Equal access: enhancing access for disabled people to recreation opportunities, facilities and services in Scottish forests

How can the Forestry Commission help disabled people benefit more from its sites?

Visitor in electric wheelchair using the all ability Smelters Walk at Fineshade Woods, Northants FD Group with wheelchair at First falls on the Dolgoch falls trail in community woodland near Bryncrug, Tywyn, North Wales. Coed y Mynydd

Summary

In response to the Equality Act 2006 and the amended Disability Discrimination Act 2005, this project reviewed the information held by Forestry Commission staff and services about the needs of different disabled users. Accessibility audits and an assessment of training needs identified the best ways to help staff promote equal access for disabled people.

Key findings

  • High level of awareness in the sector concerning the need to promote disabled access
  • Awareness of the features of woodlands valued by disabled users, and the need to design access features appropriate to woodland surroundings
  • Go beyond physical access (e.g. gates and paths) – incorporate information and facilities which allow disabled users to take part in specific activities
  • More advice for staff on how to contact and work with disabled individuals and organisations
  • Greater appreciation of physical disability issues – staff need more input on the needs of other disability groups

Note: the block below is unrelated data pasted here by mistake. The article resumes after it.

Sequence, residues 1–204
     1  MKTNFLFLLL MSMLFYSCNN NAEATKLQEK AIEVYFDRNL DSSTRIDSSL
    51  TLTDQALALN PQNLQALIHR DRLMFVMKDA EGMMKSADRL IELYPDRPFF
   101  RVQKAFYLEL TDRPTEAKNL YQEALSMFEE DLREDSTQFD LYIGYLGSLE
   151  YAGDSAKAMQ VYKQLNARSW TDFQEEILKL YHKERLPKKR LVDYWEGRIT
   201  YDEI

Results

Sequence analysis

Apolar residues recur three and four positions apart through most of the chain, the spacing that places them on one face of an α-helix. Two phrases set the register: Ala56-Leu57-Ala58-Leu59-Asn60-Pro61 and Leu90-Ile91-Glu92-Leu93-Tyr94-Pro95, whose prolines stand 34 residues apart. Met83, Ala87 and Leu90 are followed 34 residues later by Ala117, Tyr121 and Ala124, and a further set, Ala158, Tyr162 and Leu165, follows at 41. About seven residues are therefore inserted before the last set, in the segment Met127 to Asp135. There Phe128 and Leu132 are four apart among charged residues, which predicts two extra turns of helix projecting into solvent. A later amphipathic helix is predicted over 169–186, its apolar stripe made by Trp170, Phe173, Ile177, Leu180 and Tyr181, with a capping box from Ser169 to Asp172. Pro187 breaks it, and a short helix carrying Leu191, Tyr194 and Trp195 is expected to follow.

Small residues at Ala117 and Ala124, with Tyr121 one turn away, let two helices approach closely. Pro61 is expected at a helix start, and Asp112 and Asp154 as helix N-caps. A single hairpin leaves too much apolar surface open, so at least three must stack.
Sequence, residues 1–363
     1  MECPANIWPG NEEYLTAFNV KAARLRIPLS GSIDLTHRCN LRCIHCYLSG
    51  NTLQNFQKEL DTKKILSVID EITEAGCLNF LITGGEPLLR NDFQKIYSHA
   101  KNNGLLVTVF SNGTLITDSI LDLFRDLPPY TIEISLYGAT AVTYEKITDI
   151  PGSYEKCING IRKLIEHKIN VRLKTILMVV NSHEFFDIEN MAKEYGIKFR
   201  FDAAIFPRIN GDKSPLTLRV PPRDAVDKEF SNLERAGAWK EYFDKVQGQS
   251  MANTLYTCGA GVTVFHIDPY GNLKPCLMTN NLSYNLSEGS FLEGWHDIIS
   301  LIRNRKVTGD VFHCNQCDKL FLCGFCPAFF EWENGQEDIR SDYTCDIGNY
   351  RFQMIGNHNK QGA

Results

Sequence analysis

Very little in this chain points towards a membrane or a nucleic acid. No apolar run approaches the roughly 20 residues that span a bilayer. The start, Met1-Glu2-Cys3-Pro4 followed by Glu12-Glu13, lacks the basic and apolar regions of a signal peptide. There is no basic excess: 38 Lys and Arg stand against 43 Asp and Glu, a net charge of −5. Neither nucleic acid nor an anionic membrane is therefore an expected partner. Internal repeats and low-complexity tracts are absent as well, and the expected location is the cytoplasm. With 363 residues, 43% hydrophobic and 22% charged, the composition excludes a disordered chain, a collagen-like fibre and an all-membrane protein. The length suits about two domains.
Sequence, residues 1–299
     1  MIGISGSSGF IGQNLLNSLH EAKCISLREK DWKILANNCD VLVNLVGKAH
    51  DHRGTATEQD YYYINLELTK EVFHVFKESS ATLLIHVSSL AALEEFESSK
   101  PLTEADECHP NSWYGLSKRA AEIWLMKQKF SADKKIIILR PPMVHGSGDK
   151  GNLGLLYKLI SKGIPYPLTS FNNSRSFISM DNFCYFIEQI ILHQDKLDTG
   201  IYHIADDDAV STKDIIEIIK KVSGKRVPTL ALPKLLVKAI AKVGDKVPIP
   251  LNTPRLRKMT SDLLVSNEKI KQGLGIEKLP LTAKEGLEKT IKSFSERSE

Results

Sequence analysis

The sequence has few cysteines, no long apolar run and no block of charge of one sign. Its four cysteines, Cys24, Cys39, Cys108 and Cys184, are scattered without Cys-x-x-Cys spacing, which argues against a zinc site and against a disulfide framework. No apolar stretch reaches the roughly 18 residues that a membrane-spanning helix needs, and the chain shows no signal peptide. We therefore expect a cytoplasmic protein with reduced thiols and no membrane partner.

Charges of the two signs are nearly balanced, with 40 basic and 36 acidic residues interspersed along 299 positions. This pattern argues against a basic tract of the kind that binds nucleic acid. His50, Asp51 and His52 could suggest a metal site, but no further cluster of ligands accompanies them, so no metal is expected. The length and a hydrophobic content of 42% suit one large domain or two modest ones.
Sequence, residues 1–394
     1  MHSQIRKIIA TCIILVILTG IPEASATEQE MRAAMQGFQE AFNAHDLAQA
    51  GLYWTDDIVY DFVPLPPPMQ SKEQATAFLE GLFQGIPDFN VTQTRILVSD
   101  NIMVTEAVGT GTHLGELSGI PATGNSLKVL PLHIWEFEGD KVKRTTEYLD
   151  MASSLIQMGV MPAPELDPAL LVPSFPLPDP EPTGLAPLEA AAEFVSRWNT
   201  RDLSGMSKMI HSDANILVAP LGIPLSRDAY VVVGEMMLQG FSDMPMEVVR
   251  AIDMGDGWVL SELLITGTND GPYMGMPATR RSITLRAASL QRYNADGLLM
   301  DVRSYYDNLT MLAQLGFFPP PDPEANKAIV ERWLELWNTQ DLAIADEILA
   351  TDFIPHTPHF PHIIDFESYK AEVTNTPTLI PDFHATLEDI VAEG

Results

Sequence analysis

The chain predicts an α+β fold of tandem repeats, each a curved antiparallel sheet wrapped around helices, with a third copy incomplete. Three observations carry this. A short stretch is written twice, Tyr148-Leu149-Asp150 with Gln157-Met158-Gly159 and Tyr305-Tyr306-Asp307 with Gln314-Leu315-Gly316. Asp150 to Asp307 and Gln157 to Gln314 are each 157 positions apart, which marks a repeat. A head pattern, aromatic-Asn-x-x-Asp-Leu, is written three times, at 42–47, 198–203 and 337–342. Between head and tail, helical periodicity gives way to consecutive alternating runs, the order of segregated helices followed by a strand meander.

• Enhance the experience of all users – access provisions should be appropriate for the able-bodied and disabled
  • Urban site managers more knowledgeable – less understanding about the recreational requirements and possible options for improving disability in more remote areas
  • Main obstacles to providing disabled accessibility – lack of finances and staff resources, liability issues and the physical limitations of the forest site

Publications and presentations

Report - Enhancing the Forest Sector's contribution to equal access for disabled people to recreation goods, facilities and services in Scottish Forests.  Task 2. Qualitative and quantitative research with forest recreation managers to collate knowledge and skills related to disability accessibility (PDF-528K)

Guidance documents-

Accessibility and Disability: Making Woods More Accessible (PDF-859K)

Enhancing the Forest Sector's contribution to equal access for disabled people to recreation goods, facilities and services in Scottish Forests.  Task 1. Accessibility and Disability: A Guide to the Application of Disabled Access Legislation to Scotland’s Woodlands (PDF-177K).

Enhancing the Forest Sector’s contribution to equal access for disabled people to recreation goods, facilities and services in Scottish Forests: Good practice examples of access to forests or countryside (PDF-905K).

Enhancing the Forest Sector's contribution to equal access for disabled people to recreation goods, facilities and services in Scottish Forests.  Task 3.  Collation and Review of Guidance, Tools and Case Studies of Good Practice (PDF-485K).

Funders and Partners

Funded by Forestry Commission Scotland. Commissioned and managed by Forest Research.

The study was undertaken by the OPENspace research centre in Edinburgh.

Status

This project was completed spring 2007.

Contact

Bianca Ambrose-Oji